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British Museum

British Museum Sues Former Curator Over Alleged Theft of Artifacts

London, March 26, 2024, The Europe Today: The British Museum has taken legal action against its former curator, Peter Higgs, accusing him of pilfering hundreds of priceless artifacts from its esteemed collections and subsequently offering them for sale online. This lawsuit, filed on Tuesday, marks a significant escalation in the aftermath of a scandal that has tarnished the reputation of one of the world’s most renowned cultural institutions.

Higgs, who was terminated from his position in July of last year, came under intense scrutiny after the museum uncovered the disappearance of over 1,800 artifacts, including gold jewelry and semi-precious stones spanning from the 15th century B.C. to the 19th century A.D. The revelation sent shockwaves through the museum and beyond, prompting a thorough investigation into the extent of the theft and the circumstances surrounding it.

The fallout from the scandal has been profound, with the museum’s director resigning amid criticism of his handling of the situation. In legal proceedings against Higgs, lawyers representing the museum have alleged that he systematically abused his position of trust to siphon off ancient gems and other valuable pieces from the museum’s storerooms over the course of a decade.

Daniel Burgess, a lawyer representing the museum, emphasized the cultural and historical significance of the stolen items, underscoring the gravity of the alleged offenses. Burgess further asserted that Higgs had attempted to conceal his illicit activities by resorting to various deceptive tactics, including the use of fake identities, falsified documents, and manipulation of the museum’s records.

In a decisive move, High Court judge Heather Williams has ordered Higgs to account for any items currently in his possession within a four-week timeframe. Additionally, she has mandated the disclosure of Higgs’ eBay and PayPal records, signaling a concerted effort to trace the flow of the stolen artifacts and recover as many of them as possible.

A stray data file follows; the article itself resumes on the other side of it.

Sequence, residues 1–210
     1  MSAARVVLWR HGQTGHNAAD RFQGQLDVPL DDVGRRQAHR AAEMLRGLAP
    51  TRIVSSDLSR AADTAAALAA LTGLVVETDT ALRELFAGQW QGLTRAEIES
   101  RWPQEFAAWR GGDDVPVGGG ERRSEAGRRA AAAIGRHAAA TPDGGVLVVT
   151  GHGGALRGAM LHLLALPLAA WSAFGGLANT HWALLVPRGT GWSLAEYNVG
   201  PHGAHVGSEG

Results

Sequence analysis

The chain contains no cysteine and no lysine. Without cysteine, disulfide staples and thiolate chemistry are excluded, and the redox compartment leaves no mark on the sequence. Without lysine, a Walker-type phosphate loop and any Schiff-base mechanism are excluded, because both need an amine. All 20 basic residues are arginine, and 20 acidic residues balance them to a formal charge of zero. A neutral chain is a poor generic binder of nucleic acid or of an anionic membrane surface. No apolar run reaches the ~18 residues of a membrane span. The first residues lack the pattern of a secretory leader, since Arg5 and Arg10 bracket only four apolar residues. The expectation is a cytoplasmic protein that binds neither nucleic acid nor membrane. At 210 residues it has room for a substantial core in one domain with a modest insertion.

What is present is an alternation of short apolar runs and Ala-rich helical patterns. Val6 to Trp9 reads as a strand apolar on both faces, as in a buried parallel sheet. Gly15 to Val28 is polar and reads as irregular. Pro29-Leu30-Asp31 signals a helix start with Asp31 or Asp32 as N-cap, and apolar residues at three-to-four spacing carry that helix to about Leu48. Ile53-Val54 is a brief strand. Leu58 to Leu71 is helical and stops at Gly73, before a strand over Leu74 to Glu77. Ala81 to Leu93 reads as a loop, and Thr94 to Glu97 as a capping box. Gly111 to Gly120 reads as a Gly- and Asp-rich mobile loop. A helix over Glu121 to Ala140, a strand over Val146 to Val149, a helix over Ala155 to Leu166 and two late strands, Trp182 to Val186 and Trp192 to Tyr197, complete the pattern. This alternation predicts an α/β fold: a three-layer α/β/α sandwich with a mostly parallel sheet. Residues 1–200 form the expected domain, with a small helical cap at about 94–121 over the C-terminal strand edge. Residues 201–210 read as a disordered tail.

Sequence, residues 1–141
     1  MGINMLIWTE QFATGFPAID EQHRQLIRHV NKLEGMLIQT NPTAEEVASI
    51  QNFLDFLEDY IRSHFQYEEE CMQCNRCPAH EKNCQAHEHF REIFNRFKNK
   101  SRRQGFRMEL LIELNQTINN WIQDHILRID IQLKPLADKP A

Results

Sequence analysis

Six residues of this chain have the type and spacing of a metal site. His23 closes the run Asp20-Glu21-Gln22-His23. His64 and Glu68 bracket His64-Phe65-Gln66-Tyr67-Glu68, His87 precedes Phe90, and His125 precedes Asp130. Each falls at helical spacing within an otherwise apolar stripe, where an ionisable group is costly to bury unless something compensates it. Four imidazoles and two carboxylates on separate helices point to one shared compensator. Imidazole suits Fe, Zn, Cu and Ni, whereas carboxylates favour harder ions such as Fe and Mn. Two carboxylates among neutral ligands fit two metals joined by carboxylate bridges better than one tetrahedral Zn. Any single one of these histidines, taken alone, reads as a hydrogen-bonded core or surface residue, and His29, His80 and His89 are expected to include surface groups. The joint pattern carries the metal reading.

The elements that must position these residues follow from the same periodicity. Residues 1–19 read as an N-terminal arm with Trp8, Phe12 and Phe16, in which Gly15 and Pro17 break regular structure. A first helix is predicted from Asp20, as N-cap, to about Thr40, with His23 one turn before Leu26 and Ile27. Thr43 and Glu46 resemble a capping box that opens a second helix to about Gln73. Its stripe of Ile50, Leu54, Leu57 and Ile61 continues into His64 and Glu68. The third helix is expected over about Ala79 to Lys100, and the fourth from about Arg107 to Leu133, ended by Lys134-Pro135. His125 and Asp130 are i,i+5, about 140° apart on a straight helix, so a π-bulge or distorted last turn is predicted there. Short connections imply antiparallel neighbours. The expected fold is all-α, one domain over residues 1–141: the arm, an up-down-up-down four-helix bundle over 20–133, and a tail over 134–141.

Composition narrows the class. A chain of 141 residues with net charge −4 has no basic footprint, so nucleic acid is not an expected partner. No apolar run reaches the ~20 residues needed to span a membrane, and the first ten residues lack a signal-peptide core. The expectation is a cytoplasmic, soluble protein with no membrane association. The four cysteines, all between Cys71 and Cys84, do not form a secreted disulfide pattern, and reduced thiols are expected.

While the museum has managed to reclaim 356 of the missing items to date, the legal battle is far from over. Higgs, who was reportedly absent from Tuesday’s hearing due to health reasons, has vehemently denied the allegations leveled against him and intends to contest the museum’s claims in court. Notably, he has not been formally charged with any criminal offenses, although a separate police investigation into his activities remains ongoing.

The unfolding saga underscores the challenges faced by institutions tasked with safeguarding the world’s cultural heritage and serves as a stark reminder of the importance of robust oversight and accountability measures in preserving these invaluable treasures for future generations. As the legal proceedings continue to unfold, the global art community watches closely, eager to see justice served and the stolen artifacts restored to their rightful place within the hallowed halls of the British Museum.